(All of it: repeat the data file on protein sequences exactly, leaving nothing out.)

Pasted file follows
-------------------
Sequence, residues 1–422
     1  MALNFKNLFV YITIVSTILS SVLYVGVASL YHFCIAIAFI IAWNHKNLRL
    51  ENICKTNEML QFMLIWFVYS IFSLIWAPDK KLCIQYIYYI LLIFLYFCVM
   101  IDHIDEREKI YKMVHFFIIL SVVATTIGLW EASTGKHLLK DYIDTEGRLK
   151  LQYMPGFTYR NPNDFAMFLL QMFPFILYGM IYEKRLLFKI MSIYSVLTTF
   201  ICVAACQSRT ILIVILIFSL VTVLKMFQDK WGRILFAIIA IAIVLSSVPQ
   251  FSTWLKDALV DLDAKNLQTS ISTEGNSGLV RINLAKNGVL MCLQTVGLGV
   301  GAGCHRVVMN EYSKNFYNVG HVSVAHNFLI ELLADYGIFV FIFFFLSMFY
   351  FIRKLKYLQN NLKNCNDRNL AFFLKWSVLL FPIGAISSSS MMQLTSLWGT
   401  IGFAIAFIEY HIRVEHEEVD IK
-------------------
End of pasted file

Sequence, residues 1–422
     1  MALNFKNLFV YITIVSTILS SVLYVGVASL YHFCIAIAFI IAWNHKNLRL
    51  ENICKTNEML QFMLIWFVYS IFSLIWAPDK KLCIQYIYYI LLIFLYFCVM
   101  IDHIDEREKI YKMVHFFIIL SVVATTIGLW EASTGKHLLK DYIDTEGRLK
   151  LQYMPGFTYR NPNDFAMFLL QMFPFILYGM IYEKRLLFKI MSIYSVLTTF
   201  ICVAACQSRT ILIVILIFSL VTVLKMFQDK WGRILFAIIA IAIVLSSVPQ
   251  FSTWLKDALV DLDAKNLQTS ISTEGNSGLV RINLAKNGVL MCLQTVGLGV
   301  GAGCHRVVMN EYSKNFYNVG HVSVAHNFLI ELLADYGIFV FIFFFLSMFY
   351  FIRKLKYLQN NLKNCNDRNL AFFLKWSVLL FPIGAISSSS MMQLTSLWGT
   401  IGFAIAFIEY HIRVEHEEVD IK